From: "Michael Biel" <[log in to unmask]>
> I have the exact opposite attitude. The body of work of a performer
> exists as it was recorded in the studio. The ordering of the items in
> the album is usually an afterthought that rarely includes the performer,
> just as the performer almost never knew what the album cover would look
> like. If "album continuity" actually meant something, they would record
> it in the studio in that order. Just recently I did hear a discussion
> by George Avakian about how he decided on programming LP tracks, but
> that was his decision alone as producer, not the performer. In a live
> concert the performer usually makes the choice. That is not the same.
> And if there HAS to be a certain order, every one of their concerts
> would be ordered in the exact same order. Some do, and others NEVER do!
> The pacing of an LP is different when it is combined into a CD with no
> turn-over break. Comments have been made about the British LPs of the
> Beatles as opposed to the U.S. albums. Some American listeners were
> disoriented when they could only get the British versions on CD, so
> Capitol put out a set of CDs of the American albums. But those were
> arranged by the Capitol people without any input from the producer or
> performers. But it is what the American kids grew up with and they
> preferred it. And TRUE Beatles fans want to hear the recording sessions
> to learn how the tracks themselves were built. You can't know that from
> just the "finished product".
> Studying recording sessions with busted takes and alternate takes in
> order is similar to studying rough drafts of a writer. Studying the
> drafts of great documents like the Declaration of Independence and
> speeches like the Gettysburg Address and FDR's Declaration of War where
> you can see how words and phrases were tried, changed, and modified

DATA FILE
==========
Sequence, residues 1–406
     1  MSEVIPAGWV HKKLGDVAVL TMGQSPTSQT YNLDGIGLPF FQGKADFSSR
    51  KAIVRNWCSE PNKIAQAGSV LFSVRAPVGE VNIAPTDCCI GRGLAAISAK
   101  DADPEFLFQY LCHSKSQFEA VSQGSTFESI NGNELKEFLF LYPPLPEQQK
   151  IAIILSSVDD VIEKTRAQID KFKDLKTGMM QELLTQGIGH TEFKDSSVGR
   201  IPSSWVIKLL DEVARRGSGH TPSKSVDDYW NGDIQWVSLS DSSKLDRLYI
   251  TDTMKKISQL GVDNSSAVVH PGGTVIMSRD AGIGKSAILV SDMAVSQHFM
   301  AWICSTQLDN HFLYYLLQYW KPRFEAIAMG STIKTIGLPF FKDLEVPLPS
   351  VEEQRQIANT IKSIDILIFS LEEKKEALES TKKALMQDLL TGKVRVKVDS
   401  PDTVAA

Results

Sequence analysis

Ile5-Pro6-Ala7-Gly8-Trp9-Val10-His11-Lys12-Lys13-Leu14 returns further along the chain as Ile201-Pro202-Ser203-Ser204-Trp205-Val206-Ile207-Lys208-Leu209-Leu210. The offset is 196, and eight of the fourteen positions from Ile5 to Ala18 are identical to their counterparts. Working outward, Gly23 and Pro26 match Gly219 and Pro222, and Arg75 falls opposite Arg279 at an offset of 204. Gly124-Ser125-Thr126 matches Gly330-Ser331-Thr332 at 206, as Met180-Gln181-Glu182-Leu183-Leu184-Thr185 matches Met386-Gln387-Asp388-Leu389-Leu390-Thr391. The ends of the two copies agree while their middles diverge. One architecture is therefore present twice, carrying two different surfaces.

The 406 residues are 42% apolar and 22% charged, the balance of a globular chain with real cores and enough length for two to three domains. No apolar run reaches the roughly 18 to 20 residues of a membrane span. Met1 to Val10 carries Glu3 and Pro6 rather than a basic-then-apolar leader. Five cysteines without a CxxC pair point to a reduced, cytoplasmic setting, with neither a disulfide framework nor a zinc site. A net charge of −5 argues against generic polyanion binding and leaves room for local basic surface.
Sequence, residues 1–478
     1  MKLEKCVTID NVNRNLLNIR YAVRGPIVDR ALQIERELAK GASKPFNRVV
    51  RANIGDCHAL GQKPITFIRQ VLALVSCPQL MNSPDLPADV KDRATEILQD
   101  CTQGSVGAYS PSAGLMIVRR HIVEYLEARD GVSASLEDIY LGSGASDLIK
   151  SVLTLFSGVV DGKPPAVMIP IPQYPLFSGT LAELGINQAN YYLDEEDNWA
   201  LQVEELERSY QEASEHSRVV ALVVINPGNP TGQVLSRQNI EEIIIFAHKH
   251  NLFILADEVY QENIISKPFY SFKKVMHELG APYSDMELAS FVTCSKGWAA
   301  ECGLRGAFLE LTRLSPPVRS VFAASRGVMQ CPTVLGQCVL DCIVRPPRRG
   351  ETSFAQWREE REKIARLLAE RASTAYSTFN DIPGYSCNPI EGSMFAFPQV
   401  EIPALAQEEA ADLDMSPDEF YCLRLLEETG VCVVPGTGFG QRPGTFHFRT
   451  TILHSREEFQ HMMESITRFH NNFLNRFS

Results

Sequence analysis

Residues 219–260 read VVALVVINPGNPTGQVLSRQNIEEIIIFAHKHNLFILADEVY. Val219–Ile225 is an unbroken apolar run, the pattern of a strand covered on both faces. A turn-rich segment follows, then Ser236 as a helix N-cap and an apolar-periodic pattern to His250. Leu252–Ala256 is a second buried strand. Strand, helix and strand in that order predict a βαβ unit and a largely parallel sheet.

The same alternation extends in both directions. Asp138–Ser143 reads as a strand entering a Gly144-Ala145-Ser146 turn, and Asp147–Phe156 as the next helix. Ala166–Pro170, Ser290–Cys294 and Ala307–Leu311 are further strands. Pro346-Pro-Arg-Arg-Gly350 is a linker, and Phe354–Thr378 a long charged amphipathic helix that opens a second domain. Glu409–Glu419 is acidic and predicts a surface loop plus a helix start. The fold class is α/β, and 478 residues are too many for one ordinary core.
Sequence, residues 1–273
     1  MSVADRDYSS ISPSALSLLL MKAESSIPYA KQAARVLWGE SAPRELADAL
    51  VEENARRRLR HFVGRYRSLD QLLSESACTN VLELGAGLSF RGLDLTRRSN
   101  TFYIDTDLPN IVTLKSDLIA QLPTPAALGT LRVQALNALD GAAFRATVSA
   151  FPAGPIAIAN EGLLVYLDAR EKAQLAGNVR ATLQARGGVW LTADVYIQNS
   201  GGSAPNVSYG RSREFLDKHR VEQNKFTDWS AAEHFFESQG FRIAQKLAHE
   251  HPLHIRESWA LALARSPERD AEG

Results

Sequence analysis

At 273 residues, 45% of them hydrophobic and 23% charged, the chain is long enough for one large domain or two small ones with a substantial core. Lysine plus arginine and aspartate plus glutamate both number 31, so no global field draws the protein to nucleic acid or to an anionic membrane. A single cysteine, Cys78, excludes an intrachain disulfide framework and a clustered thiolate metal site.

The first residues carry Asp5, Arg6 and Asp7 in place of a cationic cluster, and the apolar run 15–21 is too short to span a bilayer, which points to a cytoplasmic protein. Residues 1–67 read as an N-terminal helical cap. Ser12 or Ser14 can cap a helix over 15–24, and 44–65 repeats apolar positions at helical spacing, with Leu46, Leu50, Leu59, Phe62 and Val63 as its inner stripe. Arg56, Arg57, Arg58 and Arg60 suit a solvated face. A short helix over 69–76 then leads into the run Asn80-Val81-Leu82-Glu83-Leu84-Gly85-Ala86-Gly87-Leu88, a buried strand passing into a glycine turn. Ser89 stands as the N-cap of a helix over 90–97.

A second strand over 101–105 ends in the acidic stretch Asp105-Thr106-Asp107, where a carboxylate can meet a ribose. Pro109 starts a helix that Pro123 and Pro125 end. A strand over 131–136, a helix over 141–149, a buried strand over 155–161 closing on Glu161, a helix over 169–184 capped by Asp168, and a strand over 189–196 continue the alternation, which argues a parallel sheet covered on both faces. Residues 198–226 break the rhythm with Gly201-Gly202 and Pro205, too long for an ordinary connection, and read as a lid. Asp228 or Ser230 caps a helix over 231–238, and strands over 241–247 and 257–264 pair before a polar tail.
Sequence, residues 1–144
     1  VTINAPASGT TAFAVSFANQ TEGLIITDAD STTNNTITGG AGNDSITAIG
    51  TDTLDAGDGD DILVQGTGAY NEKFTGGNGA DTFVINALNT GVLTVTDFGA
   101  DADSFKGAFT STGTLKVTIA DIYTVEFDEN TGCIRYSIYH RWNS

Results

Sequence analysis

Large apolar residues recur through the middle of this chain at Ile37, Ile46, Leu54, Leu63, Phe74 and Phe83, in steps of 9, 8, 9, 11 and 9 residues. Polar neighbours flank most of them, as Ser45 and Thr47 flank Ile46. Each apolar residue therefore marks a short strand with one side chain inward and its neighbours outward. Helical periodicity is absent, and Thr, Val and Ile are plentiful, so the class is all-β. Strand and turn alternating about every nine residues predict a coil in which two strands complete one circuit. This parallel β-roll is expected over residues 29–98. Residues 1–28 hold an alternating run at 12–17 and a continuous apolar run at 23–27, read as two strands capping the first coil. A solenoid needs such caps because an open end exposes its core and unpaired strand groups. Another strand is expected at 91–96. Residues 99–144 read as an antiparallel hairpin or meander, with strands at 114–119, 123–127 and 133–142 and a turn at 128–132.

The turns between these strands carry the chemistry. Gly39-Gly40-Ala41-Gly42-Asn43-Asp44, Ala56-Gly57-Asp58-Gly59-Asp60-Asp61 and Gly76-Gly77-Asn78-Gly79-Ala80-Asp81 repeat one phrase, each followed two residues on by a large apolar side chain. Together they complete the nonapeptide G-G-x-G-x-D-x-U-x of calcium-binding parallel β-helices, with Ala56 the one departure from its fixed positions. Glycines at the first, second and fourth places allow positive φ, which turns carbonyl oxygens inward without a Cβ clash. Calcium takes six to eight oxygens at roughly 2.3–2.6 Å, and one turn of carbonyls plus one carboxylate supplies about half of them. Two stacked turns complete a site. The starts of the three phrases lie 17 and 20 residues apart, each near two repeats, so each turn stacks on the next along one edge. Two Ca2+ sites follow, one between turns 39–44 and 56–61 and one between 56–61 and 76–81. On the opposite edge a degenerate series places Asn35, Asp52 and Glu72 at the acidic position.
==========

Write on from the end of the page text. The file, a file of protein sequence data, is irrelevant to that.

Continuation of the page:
> gives great insight into the creative process. Hearing a talented
> performer's recording session can be similar. Certainly you have
> attended orchestral rehearsals. Same thing. THEN when you hear the
> actual performance or the approved take you know more about what went
> into it.
I was about to reply when I noticed this is ARSCLIST and not 78-L...?!
Anyway, as a dedicated collector/accumulator of 78's (by definition
singles)...I am more used to discographies that list performances
separately (since they were released on separate 78's...?!). Now,
obviously, discographies including LP's and other sets of tracks
will be more complicated to organize (and become infinitely more
complicated as their included recordings do...?!).
Also, note that the inclusion of alternate takes and "breakdown"
partial recordings only becomes interesting and important when
the artists involved WEREN'T playing from the same scores for
each! An artist like Ellington, for whom different takes are very
audibly different, will have listenable recordings which include
alternates; OTOH, many if not most dance bands of the "78 era"
played from extant scores...and it is sometimes necessary to
play different takes simultaneously to find any differences!
Steven C. Barr